This nice way of not using Magic string when discriminating actions in our reducer.

  3. We define the Union of our Actions

    export type TreeViewActions =
        | {
              type: TreeViewActionTypes.OPEN
              id: string
          }
        | {
              type: TreeViewActionTypes.CLOSE
              id: string
          }
    
  4. We make a reducer that updates our state based on the two actions

    export function treeviewReducer(state: TreeViewState, action: TreeViewActions): TreeViewState {
        switch (action.type) {
            case TreeViewActionTypes.OPEN:
                return new Map(state).set(action.id, true)
    
            case TreeViewActionTypes.CLOSE:
                return new Map(state).set(action.id, false)
    
            default:
                throw new Error('Tree Reducer received an unknown action')
        }
    }
    
  5. We create the type for the context that includes the value and dispatch of our reducer

    export type TreeViewContextType = {
        open: TreeViewState
        dispatch: Dispatch<TreeViewActions>
    }
    

    And create the context itself.

    export const TreeViewContext = createContext<TreeViewContextType>({
        open: new Map<string, boolean>(),
        dispatch: () => {},
    })
    

Updating Root to provide Open state

At this point, we are almost there. We just need to provide our context in the Root so that it is accessible to our Node.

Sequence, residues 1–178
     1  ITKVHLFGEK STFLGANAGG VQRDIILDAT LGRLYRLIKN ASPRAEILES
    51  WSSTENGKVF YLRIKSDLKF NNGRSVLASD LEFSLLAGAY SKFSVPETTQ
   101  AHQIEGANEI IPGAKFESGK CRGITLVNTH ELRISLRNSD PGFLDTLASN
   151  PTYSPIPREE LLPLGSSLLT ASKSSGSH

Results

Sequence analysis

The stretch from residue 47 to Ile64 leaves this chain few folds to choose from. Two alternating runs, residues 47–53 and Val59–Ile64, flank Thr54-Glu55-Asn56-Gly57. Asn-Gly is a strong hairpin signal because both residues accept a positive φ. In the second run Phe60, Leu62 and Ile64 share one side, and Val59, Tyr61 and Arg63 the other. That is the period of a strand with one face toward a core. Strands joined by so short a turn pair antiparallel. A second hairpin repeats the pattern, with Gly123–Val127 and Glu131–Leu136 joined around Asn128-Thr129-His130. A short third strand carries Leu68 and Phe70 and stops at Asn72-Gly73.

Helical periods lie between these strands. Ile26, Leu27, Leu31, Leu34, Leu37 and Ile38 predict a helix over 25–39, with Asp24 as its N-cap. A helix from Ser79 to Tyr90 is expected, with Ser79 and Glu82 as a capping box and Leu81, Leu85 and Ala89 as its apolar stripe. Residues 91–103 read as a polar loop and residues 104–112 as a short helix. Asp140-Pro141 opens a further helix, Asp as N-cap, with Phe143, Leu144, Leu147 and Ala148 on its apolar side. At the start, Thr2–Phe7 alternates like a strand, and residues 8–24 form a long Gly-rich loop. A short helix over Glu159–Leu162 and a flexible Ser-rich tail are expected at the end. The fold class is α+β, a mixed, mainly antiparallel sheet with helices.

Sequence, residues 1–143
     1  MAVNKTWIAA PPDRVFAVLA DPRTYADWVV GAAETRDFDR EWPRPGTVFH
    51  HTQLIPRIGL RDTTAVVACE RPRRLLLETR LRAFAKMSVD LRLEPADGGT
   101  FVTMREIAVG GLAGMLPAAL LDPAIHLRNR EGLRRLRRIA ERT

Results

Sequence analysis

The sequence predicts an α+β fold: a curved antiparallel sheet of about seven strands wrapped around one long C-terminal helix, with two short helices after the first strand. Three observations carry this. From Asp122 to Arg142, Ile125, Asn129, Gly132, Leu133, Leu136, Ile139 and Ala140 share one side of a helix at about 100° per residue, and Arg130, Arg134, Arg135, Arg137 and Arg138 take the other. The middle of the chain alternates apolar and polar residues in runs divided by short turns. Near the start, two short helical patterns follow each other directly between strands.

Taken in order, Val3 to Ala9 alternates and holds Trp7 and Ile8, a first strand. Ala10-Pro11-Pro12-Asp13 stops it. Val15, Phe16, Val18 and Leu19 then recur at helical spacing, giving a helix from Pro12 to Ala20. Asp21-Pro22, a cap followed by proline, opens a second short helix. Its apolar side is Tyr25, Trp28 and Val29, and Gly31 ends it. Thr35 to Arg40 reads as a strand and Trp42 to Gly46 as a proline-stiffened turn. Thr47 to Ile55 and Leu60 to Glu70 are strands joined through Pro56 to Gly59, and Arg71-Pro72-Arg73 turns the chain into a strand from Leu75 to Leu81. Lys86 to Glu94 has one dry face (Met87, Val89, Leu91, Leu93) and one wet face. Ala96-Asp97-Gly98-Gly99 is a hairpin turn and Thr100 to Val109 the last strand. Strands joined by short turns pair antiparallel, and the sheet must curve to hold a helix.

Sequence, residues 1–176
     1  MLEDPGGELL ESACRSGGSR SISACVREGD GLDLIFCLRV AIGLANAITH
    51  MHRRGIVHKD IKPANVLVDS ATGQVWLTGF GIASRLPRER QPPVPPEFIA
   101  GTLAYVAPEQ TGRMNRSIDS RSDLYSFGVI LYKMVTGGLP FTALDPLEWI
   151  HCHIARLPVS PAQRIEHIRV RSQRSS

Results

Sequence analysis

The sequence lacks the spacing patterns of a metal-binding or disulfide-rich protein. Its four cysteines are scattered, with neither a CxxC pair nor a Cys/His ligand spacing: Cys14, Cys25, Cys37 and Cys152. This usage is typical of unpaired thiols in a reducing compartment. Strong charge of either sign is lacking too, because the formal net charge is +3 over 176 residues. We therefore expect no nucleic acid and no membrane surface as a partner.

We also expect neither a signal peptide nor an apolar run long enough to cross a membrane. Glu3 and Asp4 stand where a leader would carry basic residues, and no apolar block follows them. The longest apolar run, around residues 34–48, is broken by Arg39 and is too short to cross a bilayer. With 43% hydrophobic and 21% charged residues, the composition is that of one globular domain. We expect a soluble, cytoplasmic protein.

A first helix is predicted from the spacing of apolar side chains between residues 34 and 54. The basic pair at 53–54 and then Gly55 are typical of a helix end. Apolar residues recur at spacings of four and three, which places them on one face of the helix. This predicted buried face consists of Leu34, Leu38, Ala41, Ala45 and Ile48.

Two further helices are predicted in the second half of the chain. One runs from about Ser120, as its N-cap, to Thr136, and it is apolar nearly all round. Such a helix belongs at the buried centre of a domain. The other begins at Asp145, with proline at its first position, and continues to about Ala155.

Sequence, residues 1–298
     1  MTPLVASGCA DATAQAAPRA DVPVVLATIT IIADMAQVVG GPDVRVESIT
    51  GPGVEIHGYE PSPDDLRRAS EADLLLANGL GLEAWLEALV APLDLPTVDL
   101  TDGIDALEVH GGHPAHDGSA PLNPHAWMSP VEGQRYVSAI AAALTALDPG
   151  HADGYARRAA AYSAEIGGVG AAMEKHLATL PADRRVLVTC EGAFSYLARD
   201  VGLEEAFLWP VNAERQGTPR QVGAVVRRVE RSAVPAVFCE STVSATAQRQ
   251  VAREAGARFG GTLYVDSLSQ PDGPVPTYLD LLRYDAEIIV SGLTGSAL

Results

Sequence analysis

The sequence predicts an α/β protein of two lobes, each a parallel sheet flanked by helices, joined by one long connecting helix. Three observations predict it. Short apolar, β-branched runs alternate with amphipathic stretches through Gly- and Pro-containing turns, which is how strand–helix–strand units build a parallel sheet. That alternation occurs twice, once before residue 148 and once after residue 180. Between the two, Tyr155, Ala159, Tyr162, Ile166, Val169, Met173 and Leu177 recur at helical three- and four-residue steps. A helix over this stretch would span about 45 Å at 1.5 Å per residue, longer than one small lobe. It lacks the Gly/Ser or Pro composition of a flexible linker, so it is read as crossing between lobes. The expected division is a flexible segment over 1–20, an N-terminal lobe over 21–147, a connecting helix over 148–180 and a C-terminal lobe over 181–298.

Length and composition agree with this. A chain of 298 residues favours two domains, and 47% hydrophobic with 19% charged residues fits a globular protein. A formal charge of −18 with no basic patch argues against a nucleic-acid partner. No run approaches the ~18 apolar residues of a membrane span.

export function Root({ children, className }: RootProps) {
+    const [open, dispatch] = useReducer(treeviewReducer, new Map<string, boolean>())
+
    return (
+        <TreeViewContext.Provider
+            value={{
+                open,
+                dispatch,
+            }}
+        >
            <ul className={clsx('flex flex-col overflow-auto', className)}>{children}</ul>
+        </TreeViewContext.Provider>
    )
}

Updating Node to consume Open state

and then finally we can update the Node to consume the context, and conditionally render it's children

export function Node({ node }: NodeProps) {
+    const { open, dispatch } = useContext(TreeViewContext)
    return (
        <li className="flex flex-col cursor-pointer select-none">
            <div
                className={
                    'font-mono font-medium rounded-sm px-1 text-ellipsis whitespace-nowrap overflow-hidden'
                }
+                onClick={() => {
+                    open.get(node.id)
+                        ? dispatch({
+                              id: node.id,
+                              type: TreeViewActionTypes.CLOSE,
+                          })
+                        : dispatch({
+                              id: node.id,
+                              type: TreeViewActionTypes.OPEN,
+                          })
+                }}
            >
                {node.name}
            </div>
-            {node.children?.length && (
+            {node.children?.length && open.get(node.id) && (
                <ul className="pl-4">
                    {node.children.map(node => (
                        <Node node={node} key={node.id} />
                    ))}
                </ul>
            )}
        </li>
    )
}
  1. We consume the context that our Root is providing

    const { open, dispatch } = useContext(TreeViewContext)
    
  2. Create an onClick handler for toggling the open state of the node

    onClick={() => {
        open.get(node.id)
            ? dispatch({
                id: node.id,
                type: TreeViewActionTypes.CLOSE,
            })
            : dispatch({
                id: node.id,
                type: TreeViewActionTypes.OPEN,
            })
    }}
    
  3. and Update the conditional rendering of the children based on whether the parent is in the 'open' state

    -   {node.children?.length && (
    +   {node.children?.length && open.get(node.id) && (